What's a love song without a few gardening references? On the infectious ditty "Another Sunny Day," Belle and Sebastian frontman Stuart Murdoch informs his paramour that "you were digging plants, I dug you" and then works the phrase "herbaceous border" into the next verse. Such witty wordplay is nothing new for the Scottish indie-pop collective, although they've eased up on the precious cheekiness of their early work. Belle and Sebastian's breezy and fetching melodies are still evident on "Funny Little Frog," which details Murdoch's obsession with an imaginary girlfriend, and "For the Price of a Cup of Tea," which calls to mind David Bowie's "Young Americans." While The Life Pursuit isn't as cohesive as 2003's outstanding Dear Catastrophe Waitress, it has a lot of high points and only a few lows ("Dress Up in You" and "Mornington Crescent"). And really, isn't that how life should be?
DOWNLOAD THIS: "Another Sunny Day"
All the Way
After all the people who have covered her signature song "At Last" over the years, it's only fitting that Etta James remake her own favorite tunes, as the 68-year-old blues belter does on this collection of pop and R&B nuggets. Unfortunately, this hit-and-miss hodgepodge won't win you over all the way. Though James should be applauded for not going the traditional standards route (with the exception of the jazzy title cut), her husky voice doesn't always match the material. Her version of R. Kelly's "I Believe I Can Fly" falls flat, while her rendition of "Somewhere" is just plain out there. But James hits her stride on Johnny "Guitar" Watson's "Strung Out" and successfully puts her bluesy stamp on Prince's "Purple Rain."
DOWNLOAD THIS: "Purple Rain"
For information on where to find our Download This picks, go to www.people.com/downloadthis
>LENNY KRAVITZ unleashes his inner club kid on "Breathe," a pulsating dance track available only at absolutkravitz.com.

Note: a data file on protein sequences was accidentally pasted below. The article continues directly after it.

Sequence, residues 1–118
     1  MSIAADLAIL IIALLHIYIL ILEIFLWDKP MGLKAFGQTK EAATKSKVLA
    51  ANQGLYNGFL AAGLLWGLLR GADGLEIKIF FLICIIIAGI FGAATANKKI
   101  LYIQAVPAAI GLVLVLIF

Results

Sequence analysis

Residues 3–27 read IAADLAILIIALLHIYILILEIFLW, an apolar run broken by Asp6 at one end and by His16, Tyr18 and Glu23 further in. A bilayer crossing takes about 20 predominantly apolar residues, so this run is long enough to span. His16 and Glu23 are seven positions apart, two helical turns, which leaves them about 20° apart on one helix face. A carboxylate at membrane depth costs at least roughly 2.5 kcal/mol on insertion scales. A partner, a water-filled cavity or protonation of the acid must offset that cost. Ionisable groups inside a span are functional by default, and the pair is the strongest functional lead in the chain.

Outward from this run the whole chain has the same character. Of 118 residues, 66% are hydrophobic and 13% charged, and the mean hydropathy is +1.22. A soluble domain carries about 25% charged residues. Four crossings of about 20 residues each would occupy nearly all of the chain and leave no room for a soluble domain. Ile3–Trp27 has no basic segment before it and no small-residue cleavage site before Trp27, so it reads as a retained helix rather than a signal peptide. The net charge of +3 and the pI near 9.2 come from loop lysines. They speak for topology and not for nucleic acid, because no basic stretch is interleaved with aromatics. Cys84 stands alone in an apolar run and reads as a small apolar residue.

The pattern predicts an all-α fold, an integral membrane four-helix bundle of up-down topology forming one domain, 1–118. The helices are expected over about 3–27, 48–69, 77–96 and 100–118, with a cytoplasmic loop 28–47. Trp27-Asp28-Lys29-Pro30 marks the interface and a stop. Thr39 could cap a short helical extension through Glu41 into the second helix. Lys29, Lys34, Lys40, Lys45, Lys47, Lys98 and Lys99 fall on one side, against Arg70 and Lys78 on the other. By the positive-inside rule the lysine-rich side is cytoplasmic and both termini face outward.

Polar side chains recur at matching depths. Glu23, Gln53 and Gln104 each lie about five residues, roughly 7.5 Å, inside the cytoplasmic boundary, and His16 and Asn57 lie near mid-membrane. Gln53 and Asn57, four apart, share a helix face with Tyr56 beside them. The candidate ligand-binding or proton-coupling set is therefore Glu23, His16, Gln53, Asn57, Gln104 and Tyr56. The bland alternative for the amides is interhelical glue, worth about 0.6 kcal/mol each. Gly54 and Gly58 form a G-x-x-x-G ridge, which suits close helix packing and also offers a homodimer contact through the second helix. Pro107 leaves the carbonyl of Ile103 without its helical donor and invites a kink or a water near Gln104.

BITTER:SWEET, an electronic pop duo taking inspiration from spy-movie themes, plays "The Mating Game" on its sexy debut single at napster.com.
RYE COALITION, a Jersey hard-rock band, rips it up on the Dave Grohl-cowritten "Gone with the Windshield," a Web-only track at iTunes.com.
JOHN LEGEND (right), not resting on his recent three Grammy wins, smoothly covers the Isley Brothers' "Hello It's Me," as heard on the R&B star's Gap commercial, at iTunes.
After writing songs for everyone from Mary J. Blige to Chris Brown and Mario, Ne-Yo (real name: Shaffer C. Smith), 26, has released his own R&B debut, In My Own Words, featuring the Top 10 hit "So Sick."
ON HOW HE GOT HIS NAME It's a reference to the name [of the Keanu Reeves character Neo] from the movie The Matrix. A friend of mine named Big D gave it to me. He said that I see music the way Neo sees the Matrix. I wasn't really sure what he meant, but I liked it. It was something that stuck to me.
ON THE INSPIRATION FOR "SO SICK" The song is a true story about the first girl I fell in love with and how I screwed that relationship up. I was 18, and I basically let my friends convince me to cheat on her. I told her, and she declared her undying hate for me and left me. I was a ball of emotion for five months. Writing this song was really therapeutic and it helped me get over it.
ON HEARING HIS SONGS ON THE RADIO I'm always in the same place: in my car on the 405 freeway [in L.A.] in traffic. I'll jump out of my car, run three or four cars up the way and knock on someone's window: "Hey, turn to [Power] 106 and listen to my song!" I'm not lying. I'm surprised I haven't gotten shot yet.
ON STEPPING OUT FROM BEHIND THE SCENES It took some getting used to. I didn't need the spotlight or the fame. Not being able to go to the movies by myself is tough. I went to see King Kong and I got kicked out of the theater for causing a scene. I didn't even get to see the movie.